'Professional partner' or 'management's bitch'?: a discourse analytic study of the identity construction of HR practioners in English local government
Kinsey, Sue (2012) 'Professional partner' or 'management's bitch'?: a discourse analytic study of the identity construction of HR practioners in English local government. PhD thesis, University of Nottingham.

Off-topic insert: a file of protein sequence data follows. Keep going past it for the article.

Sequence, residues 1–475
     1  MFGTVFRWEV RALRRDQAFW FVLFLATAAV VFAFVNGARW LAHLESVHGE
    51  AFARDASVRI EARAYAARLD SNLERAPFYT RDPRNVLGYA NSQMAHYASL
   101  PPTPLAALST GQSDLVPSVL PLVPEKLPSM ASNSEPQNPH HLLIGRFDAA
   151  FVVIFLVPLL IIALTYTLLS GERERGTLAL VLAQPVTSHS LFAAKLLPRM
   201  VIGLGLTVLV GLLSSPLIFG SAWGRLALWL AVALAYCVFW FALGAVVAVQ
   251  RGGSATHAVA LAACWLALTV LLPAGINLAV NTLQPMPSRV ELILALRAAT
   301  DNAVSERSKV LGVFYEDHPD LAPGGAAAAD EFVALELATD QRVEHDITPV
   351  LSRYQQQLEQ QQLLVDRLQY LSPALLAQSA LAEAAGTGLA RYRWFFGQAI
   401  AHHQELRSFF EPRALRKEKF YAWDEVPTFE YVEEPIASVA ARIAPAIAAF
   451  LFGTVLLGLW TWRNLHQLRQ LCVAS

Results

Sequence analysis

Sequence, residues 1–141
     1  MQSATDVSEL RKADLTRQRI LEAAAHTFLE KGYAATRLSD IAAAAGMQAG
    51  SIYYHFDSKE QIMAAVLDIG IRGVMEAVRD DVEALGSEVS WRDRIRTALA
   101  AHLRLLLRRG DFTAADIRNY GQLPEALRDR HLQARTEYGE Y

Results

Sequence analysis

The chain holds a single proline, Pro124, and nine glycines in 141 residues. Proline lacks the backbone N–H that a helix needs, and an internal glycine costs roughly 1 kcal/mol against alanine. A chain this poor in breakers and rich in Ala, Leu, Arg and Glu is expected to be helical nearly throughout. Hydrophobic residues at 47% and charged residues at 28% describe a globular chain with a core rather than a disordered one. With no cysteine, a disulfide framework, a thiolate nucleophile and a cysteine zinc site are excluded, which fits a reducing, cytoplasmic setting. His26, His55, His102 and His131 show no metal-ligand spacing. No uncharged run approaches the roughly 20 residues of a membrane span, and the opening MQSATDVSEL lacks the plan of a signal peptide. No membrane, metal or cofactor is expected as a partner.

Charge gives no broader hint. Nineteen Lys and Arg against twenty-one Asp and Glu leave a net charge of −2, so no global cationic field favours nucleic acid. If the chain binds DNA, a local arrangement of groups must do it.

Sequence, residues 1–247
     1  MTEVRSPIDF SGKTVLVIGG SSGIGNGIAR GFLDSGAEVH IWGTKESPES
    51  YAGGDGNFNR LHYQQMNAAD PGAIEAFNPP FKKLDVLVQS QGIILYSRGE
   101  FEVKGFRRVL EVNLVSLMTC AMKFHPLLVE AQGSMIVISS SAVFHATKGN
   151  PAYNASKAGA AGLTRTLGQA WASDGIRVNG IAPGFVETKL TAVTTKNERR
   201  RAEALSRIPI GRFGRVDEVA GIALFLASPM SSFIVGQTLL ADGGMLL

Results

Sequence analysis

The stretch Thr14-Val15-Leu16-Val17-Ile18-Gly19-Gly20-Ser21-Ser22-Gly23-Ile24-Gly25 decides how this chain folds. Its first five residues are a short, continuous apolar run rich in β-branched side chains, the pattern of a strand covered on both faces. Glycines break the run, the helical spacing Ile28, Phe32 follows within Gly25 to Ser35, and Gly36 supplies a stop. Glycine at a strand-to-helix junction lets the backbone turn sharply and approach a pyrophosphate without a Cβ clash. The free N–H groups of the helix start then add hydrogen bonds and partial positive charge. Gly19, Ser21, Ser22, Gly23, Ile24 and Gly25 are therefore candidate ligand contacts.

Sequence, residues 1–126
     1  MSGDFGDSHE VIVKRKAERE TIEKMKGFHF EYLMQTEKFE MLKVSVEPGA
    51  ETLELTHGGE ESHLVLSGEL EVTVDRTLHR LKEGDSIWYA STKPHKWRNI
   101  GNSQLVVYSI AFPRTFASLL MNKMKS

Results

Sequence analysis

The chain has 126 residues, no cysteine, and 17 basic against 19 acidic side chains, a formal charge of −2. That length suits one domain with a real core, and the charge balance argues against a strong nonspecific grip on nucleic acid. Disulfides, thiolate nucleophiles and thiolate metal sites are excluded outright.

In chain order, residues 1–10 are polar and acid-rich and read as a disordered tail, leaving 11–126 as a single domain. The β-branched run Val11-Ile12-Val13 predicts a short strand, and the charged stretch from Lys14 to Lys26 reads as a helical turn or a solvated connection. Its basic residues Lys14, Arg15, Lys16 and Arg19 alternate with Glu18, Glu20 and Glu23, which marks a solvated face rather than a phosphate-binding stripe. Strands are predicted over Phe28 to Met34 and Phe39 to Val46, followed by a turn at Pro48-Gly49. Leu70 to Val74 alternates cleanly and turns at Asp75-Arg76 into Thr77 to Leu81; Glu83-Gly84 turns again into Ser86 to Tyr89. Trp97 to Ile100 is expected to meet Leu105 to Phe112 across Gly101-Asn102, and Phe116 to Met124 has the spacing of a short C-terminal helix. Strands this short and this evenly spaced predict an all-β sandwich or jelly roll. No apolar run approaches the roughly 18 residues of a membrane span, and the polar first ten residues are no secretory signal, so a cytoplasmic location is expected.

Drawing on the transcripts of 47 semi-structured interviews with HR practitioners in local government in the English Midlands, this thesis explores what Beech (2008) calls the ‘route to meaning construction of the self’ of HR practitioners as they navigate discourses of HRM and public sector reform in the pursuit of ‘professional’ identity and organizational legitimacy. Through the use of discourse analysis, the study makes three key contributions: firstly, it challenges the dichotomous characterisation of a ‘modernising’ public sector and identifies a discursive pragmatism, whereby public sector employees craft a workable identity reconciling ‘old’ public sector talk with a tempered public sector ‘reform’ discourse to forge ‘third way’ discourses. Secondly, it challenges the notion of ‘strategic’ legitimacy as the only means by which a plausible organizational identity might be constructed for the HR function, with the denigrated ‘administrative’ HR role rewritten as a problem solving and pragmatic orientation. Finally, it concludes that HR legitimacy will remain elusive whilst HR’s identity, particularly in relation to line management, is constructed through gendered and sexualised discourses. The title of the thesis, drawing on the words of interviewees, represents alternative conceptions of the HR function: legitimated through recourse to ‘professionalism’ and partnership talk, or managerial cipher, in thrall to public sector managerialization, particularly through the construction of HR’s role and identity in gendered and sexualised terms.
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